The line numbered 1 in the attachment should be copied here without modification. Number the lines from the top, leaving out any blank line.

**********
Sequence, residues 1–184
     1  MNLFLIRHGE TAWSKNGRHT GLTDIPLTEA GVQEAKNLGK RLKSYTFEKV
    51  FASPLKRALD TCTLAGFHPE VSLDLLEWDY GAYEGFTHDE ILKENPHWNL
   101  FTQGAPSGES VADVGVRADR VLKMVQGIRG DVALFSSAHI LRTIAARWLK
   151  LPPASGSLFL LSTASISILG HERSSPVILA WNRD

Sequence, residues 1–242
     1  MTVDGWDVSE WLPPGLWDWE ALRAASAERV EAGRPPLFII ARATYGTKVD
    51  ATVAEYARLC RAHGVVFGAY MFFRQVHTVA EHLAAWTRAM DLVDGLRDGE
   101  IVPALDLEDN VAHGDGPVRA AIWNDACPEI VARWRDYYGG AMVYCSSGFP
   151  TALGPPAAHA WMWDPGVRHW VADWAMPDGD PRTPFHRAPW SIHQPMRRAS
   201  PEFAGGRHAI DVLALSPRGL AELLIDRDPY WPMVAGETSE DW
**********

Sequence, residues 1–184